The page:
Viktar Babaryka — a banker and philanthropist who polled around 50% in the same online polls that gave Lukashenka 3% — was also denied registration and was arrested on June 11.
Valery Tsepkalo — former Belarusian ambassador to US and Mexico and the founder of the Belarus Hi-Tech Park — wasn’t arrested, but most of the signatures collected by his campaign were rejected by CEC.
Siarhei Tsikhanouski — a video blogger with a massive following on YouTube — was arrested for the first time as soon as he announced his intent to run, and was kept in jail until May 20, long enough to make him miss the registration deadline. His wife Sviatlana applied for registration in his stead, and that’s where Lukashenka has made his next mistake.
Being a social conservative, Lukashenka underestimated women. Being incapable of empathy himself, he underestimated people’s capacity for compassion. He assumed that, unlike her husband, Sviatlana Tsikhanouskaya is not a threat. So he arrested Siarhei again and allowed Sviatlana to join his lineup of safe spoiler candidates.
It was bad enough that eliminating all high-polling men from the race and leaving someone he considered weak has indirectly confirmed that his 3% online polls rating is accurate enough to have him worried. But his bigger mistake was underestimating women.
Three weeks before the election, three women left in charge of three campaigns started by three men got together and agreed to join forces. The photo of Maria Kolesnikova with her hands in shape of a heart, Sviatlana Tsikhanouskaya raising up a fist, and Veronika Tsepkalo holding up a victory sign has instantly become iconic, and the corresponding words “Love. Might.Win.” became the rallying cry of their new United Headquarters (https://susviet.world/chto-proiskhodit-v-bielarusi-ona-prosnulas/).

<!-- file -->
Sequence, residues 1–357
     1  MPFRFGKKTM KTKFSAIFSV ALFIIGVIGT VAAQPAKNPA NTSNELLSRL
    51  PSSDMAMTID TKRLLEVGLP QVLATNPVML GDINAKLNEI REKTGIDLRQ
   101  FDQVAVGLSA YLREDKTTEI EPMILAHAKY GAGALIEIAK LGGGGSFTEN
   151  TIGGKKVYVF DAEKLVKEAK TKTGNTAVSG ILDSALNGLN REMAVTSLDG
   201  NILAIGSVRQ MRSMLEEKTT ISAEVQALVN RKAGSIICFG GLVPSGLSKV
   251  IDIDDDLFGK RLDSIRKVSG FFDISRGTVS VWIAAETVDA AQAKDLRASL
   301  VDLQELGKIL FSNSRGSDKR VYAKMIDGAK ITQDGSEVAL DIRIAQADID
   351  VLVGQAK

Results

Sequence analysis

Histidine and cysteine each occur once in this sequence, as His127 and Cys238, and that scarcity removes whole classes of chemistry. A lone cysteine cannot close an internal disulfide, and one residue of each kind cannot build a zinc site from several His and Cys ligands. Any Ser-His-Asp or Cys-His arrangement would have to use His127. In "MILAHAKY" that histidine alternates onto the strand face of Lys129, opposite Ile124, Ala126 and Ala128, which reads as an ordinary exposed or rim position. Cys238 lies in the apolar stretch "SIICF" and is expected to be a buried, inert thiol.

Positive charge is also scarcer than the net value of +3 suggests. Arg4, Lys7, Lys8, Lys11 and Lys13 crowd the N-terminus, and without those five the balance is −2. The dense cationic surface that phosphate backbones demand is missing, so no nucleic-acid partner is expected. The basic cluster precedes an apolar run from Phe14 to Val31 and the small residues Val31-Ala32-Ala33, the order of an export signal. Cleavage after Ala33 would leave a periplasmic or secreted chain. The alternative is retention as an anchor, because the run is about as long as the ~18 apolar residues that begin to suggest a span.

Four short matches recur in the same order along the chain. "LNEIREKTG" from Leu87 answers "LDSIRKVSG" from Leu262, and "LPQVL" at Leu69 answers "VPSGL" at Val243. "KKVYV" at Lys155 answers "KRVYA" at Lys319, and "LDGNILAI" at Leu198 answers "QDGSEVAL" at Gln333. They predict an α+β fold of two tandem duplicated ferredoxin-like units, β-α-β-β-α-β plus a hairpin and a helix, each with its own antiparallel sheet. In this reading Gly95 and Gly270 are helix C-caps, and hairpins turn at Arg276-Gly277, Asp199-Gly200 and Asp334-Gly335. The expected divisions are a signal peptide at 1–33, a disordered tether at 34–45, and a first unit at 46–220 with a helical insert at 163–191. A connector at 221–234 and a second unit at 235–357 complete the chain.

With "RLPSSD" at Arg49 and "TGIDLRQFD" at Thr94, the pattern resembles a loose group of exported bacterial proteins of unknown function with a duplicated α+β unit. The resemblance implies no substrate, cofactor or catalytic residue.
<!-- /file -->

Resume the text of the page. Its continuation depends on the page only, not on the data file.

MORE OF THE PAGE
Supported by the best logistics and creative minds of all three campaigns, the trio has set off on a blitz tour across Belarus and gathered unexpectedly large crowds even in small towns. In all previous elections, opposition candidates received significantly stronger support in the more liberal and more nationally self-aware capital, the rest of the country remained apprehensive of democracy and even more so of nationalism.
The campaign of three women seeking no power other than to bust the men — and the rest of the country — out of jail broke through all that and has drawn in people of all ages and political persuasions. It turned out that Belarusians who had reservations about helping men come to power did not at all mind helping women fight back against power.
United campaign’s first rally in Minsk gathered over 7,000 people. Their second rally in Minsk gathered 65,000. After the indivisible three graces gathered 7,400 in Baranovichi and 18,000 in Brest, the government decided not to find out how many people are going to come to their third rally in Minsk and hijacked all six Minsk locations reserved by the campaign with unrelated activities, most notably a holiday in honor of the Railway Troops — a military regiment that hasn’t existed for over a decade.
While the city was able to disrupt the rally, they couldn’t stop it from becoming another media win. The campaign redirected their supporters from the initially planned Bangalore Square to the nearby Kievsky Square. When the sound engineers running the city-sponsored concert in Kievsky Square learned that the concert was just a cover for disrupting the rally, they replaced their scheduled programming with a Perestroika hit “We Expect Change.” The opposition’s meme collection was enriched by a poster of the two young men raising hands making victory signs and a Forrest Gump worthy video of a city official trying to yank cables out of loudspeakers.
What happened next is a study in how high voter turnout makes falsifications harder and why it’s important to vote even when you expect your vote to be stolen.
Vote falsifications in Belarus traditionally — yes, 26 years is long enough for observations to turn into traditions — leaned on two principal methods: outright fabrication of early votes and misclassification of ballots by polling station counters. Belarusian elections still only use hand-marked paper ballots, this complicates tabulation falsifications.
Early votes are the easiest to steal because they are counted behind closed doors. The problem with this method is that some of the people the early votes got attributed to will show up in person and see somebody else’s signature next to their name in the ballot issue log. This is exactly what happened to my mother-in-law. When she reported this to observers, they asked her to line up behind four other people waiting to submit a formal complaint because their votes were also stolen in the early vote.